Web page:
Conde Nast drops fashion photographer over exploitation claims

US fashion photographer Terry Richardson, who has been accused of sexually exploiting models for years, will no longer have his work published in some of the world’s top magazines, Conde Nast confirmed Tuesday.

It is the latest indication of shrinking tolerance for powerful men accused of sexual impropriety following the downfall of Hollywood mogul Harvey Weinstein with actresses, models and ordinary women increasingly emboldened to speak out.

London-based Conde Nast International, whose titles include Vogue, Vanity Fair and Glamour, circulated an email within the media group Monday announcing that the company would no longer work with him.

Staff were informed that any work already commissioned from Richardson but not yet published should be “killed or substituted,” British newspaper The Daily Telegraph reported.

The company confirmed the content of the email and said it had no further comment. Conde Nast US said it had “nothing planned” with the married father of two going forward.

“Sexual harassment of any kind is unacceptable and should not be tolerated,” the US branch of the media company told AFP in an email.

The 52-year-old New York photographer is famous in the fashion industry for producing sexually explicit and controversial images of models.

His work has appeared in glossy magazines, and he has shot campaigns for luxury fashion houses including Valentino, Carolina Herrera and Yves Saint Laurent.

He photographed Barack Obama prior to his election as president and directed Miley Cyrus’s video for her 2013 “Wrecking Ball” single in which she appeared naked. Cyrus has since said she regrets the video.

Beset for years by allegations of sexually exploiting models, Richardson — like Weinstein — has insisted that all relationships were consensual.

In 2014, he took to the Huffington Post to “correct” what he called an “emotionally-charged witch hunt” against him.

“I collaborated with consenting adult women who were fully aware of the nature of the work,” he wrote. “I have never used an offer of work or a threat of rebuke to coerce someone into something that they did not want to do.”

On Tuesday, a representative said Richardson was “disappointed.”

“Many of his professional interactions with subjects were sexual and explicit in nature but all of the subjects of his work participated consensually,” the representative said.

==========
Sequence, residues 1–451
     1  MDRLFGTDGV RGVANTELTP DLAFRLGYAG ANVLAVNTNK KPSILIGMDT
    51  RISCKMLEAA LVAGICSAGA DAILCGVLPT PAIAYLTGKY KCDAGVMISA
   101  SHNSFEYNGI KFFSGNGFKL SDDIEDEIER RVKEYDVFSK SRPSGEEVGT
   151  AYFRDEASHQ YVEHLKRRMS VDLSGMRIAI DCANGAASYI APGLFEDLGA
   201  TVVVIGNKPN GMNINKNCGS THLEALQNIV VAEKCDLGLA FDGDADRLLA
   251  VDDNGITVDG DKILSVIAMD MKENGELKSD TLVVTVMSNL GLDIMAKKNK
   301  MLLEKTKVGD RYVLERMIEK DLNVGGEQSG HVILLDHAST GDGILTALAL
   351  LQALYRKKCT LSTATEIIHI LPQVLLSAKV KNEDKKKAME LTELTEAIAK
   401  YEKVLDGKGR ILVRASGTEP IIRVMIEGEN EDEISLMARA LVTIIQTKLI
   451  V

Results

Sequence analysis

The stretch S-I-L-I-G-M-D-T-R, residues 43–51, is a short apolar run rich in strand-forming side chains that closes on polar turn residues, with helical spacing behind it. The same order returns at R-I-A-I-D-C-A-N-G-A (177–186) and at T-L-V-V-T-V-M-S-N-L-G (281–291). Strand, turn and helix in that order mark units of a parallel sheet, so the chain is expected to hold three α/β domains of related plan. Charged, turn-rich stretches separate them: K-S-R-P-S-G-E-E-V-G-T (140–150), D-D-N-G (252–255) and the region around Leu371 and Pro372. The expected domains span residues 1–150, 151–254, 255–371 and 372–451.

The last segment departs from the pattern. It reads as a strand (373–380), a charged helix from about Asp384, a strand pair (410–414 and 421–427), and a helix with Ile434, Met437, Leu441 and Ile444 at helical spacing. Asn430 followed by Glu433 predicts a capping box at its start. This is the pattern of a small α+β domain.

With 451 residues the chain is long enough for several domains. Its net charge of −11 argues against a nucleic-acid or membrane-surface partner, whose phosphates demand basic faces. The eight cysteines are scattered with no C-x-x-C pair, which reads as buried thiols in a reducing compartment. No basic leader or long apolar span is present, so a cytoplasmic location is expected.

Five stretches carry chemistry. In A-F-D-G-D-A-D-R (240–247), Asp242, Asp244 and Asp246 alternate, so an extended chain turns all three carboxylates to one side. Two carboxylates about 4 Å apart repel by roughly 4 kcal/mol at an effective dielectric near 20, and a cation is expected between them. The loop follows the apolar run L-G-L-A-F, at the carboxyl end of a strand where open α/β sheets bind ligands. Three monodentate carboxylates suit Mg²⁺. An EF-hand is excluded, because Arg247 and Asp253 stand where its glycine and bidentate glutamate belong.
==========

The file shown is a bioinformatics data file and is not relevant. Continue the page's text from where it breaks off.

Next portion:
Conde Nast International acted a day after Britain’s Sunday Times newspaper questioned why Richardson was “still feted by fashionistas” despite “gaining a reputation as the Harvey Weinstein of fashion.”

US model Cameron Russell last week launched an Instagram campaign called #MyJobShouldNotIncludeAbuse that swiftly garnered more than 70 anonymous accounts of abuse, lewd behavior and harassment.

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0 Comments

  1. rsvp5627 April 5th, 2013 at 4:54 pm

    Western diplomats may be free and at pleasure to walk out from the ceremony just as they did at Bomas when the IEBC announced the Jubilee ticket as Presidential election winners.

    Reply
    1. Gathii April 6th, 2013 at 12:11 am

      Better still, they can walk out of the country and return home. My guess is that they cannot do that because their economies are not performing well and there is high unemployment. They will also move from Runda mansions to staying in some apartment back home without even a house help, from moving around in top-of-the-range limousines to commuting on the tube or train. Yeah, let them walk out….

      Reply
      1. Lucy April 8th, 2013 at 12:25 am

        for all we care………….. Less

        Reply
        1. mkenya April 9th, 2013 at 3:44 pm

          you guys must stop this . I believe your actions are based on tribe nothing else….remember that the president is not a kikuyu president otherwise other communities would not have participated in the elections. We need all the support to carry this country forward, the celebration is over now,

          Reply

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